3. Henceadverb

    from this reason; as an inference or deduction

  4. Henceadverb

    from this source or origin

  5. Henceverb

    to send away

  6. Etymology: [OE. hennes, hens (the s is prop. a genitive ending; cf. -wards), also hen, henne, hennen, heonnen, heonene, AS. heonan, heonon, heona, hine; akin to OHG. hinnn, G. hinnen, OHG. hina, G. hin; all from the root of E. he. See He.]

Chambers 20th Century Dictionary

  1. Hence

    hens, adv. from this place or time: in the future: from this cause or reason: from this origin.—interj. away! begone!—advs. Hence′forth, Hencefor′ward, from this time forth or forward. [M. E. hennes, henne—A.S. heonan, from the base of he; Ger. hinnen,hin, hence; so L. hinc, hence—hic, this.]

Surnames Frequency by Census Records

  1. HENCE

    According to the U.S. Census Bureau, Hence is ranked #32438 in terms of the most common surnames in America.

    The Hence surname appeared 709 times in the 2010 census and if you were to sample 100,000 people in the United States, approximately 0 would have the surname Hence.

    65.3% or 463 total occurrences were Black.
    30% or 213 total occurrences were White.
    2.2% or 16 total occurrences were of two or more races.
    1.6% or 12 total occurrences were of Hispanic origin.

British National Corpus

  1. Spoken Corpus Frequency

    Rank popularity for the word 'Hence' in Spoken Corpus Frequency: #2106

  2. Adverbs Frequency

    Rank popularity for the word 'Hence' in Adverbs Frequency: #173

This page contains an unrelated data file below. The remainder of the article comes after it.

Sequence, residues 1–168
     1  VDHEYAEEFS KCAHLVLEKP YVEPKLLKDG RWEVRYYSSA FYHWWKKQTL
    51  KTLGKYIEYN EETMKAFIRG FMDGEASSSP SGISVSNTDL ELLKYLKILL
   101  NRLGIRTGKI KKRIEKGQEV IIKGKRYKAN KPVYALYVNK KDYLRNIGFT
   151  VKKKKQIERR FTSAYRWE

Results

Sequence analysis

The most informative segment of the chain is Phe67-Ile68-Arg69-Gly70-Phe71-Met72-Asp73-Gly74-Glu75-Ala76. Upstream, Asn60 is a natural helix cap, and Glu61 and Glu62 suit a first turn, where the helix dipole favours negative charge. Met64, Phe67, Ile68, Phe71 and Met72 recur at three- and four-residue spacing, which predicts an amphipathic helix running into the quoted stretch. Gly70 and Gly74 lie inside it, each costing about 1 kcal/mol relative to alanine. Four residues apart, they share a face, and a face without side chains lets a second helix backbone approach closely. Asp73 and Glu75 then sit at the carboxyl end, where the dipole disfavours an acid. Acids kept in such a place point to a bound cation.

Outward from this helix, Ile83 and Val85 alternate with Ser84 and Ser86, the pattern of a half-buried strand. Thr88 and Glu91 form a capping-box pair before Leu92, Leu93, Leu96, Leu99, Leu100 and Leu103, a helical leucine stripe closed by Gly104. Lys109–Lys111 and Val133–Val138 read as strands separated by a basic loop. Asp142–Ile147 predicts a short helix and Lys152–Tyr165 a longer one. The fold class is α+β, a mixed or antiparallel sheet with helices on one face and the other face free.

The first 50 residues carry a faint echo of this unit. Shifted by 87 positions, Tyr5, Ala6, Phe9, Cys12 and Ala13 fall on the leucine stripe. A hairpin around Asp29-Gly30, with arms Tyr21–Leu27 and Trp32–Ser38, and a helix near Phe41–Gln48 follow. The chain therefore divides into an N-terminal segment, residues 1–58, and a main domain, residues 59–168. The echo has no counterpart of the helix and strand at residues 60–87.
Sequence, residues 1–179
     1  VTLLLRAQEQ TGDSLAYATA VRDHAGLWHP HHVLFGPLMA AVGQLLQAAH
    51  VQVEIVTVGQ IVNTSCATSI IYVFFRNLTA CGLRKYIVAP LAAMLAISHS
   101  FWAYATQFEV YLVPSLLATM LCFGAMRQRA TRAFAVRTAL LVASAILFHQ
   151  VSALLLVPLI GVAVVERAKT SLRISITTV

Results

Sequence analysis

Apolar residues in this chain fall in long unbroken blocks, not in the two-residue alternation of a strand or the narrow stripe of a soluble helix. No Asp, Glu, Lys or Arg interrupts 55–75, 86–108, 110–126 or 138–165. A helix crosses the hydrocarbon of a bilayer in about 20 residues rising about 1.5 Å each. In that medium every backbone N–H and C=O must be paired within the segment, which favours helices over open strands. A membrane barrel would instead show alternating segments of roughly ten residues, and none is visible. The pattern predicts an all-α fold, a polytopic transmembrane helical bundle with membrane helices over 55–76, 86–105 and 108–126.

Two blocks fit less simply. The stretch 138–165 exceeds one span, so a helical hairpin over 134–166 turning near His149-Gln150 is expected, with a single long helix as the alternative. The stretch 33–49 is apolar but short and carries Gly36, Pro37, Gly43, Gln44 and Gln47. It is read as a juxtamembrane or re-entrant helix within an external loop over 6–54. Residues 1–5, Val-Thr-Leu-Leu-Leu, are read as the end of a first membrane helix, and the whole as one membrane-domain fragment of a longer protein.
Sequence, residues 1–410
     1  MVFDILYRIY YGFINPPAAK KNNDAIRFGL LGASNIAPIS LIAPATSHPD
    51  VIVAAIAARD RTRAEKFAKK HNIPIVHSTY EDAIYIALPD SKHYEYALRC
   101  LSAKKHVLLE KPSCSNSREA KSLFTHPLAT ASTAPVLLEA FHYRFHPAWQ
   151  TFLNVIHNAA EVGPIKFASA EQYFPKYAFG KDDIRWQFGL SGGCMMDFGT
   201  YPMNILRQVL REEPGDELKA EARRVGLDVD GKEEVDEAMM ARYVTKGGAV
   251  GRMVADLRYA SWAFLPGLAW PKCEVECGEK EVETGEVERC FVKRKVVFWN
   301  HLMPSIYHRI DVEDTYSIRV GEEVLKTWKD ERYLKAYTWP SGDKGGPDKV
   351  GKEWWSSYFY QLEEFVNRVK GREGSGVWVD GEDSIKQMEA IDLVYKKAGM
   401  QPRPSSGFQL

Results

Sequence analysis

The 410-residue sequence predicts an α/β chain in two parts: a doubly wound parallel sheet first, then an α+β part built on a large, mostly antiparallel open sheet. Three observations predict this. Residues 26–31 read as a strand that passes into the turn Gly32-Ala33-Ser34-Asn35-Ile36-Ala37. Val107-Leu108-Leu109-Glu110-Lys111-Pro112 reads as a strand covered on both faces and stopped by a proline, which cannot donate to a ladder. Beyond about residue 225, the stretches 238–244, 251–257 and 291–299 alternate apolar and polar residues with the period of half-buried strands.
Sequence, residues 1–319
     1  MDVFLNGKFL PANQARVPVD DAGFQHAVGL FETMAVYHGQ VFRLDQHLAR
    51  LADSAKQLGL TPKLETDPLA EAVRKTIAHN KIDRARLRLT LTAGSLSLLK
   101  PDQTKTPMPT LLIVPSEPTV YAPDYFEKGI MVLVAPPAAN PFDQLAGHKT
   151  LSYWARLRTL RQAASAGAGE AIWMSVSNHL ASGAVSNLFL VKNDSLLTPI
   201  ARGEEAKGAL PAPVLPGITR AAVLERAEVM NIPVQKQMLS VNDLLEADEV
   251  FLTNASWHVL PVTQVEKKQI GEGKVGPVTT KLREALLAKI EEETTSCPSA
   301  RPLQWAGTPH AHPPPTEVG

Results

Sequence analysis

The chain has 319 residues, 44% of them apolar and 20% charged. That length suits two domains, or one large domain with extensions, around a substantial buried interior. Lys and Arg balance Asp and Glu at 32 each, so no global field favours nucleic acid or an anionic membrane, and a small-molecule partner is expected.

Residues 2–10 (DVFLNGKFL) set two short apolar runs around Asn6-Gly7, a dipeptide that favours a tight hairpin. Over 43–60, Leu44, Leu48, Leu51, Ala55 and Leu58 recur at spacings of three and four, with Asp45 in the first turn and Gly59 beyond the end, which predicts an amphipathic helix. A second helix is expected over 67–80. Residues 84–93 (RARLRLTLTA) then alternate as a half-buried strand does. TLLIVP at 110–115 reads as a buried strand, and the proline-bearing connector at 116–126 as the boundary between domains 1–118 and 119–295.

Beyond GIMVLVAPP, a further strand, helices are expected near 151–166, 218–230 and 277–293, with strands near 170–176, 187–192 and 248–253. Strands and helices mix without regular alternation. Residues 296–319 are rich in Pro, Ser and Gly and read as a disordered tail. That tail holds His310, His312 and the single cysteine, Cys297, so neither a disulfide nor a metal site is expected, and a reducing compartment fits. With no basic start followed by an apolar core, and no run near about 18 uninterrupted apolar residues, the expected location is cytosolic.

How to pronounce Hence?

How to say Hence in sign language?


  1. Chaldean Numerology

    The numerical value of Hence in Chaldean Numerology is: 5

  2. Pythagorean Numerology

    The numerical value of Hence in Pythagorean Numerology is: 8

Examples of Hence in a Sentence

  1. Tianjin Port No. 5:

    This matter was caused completely by the illegal operations of the agent and a related downstream trader and the port company did not itself sign...or participate in any unauthorised cargo release, hence, the port company was not involved in any transgression. Furthermore, to protect its legal rights, the port company has already initiated legal proceedings.

  2. Nicole Saphier:

    The media's coverage of the entire pandemic has been politicized, hence my book ‘Panic Attack,’ the rare cases of severe disease in children are sensationalized rather than reporting of the bigger picture. To date, less than 0.03% of confirmed Covid-19 cases in children have resulted in death, a number likely overestimated as children are less likely to be tested.

  3. George Bernard Shaw:

    A fool's brain digests philosophy into folly, science into superstition, and art into pedantry. Hence University education.

  4. Ralph Waldo Emerson:

    Life is eating us up. We shall be fables presently. Keep cool it will be all one a hundred years hence.

  5. Republican Donald Trump:

    The election, and the Supreme Court appointments that come with it will decide whether or not we have a border and, hence, a country.

Popularity rank by frequency of use


Translations for Hence

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"Hence." Definitions.net. STANDS4 LLC, 2024. Web. 20 Jun 2024. <https://www.definitions.net/definition/Hence>.

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1 Comment
  • Kimberly Mast
    Kimberly Mast
    Hence way
    LikeReply6 years ago

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fill with high spirits; fill with optimism
A denudate
B scarper
C elate
D abase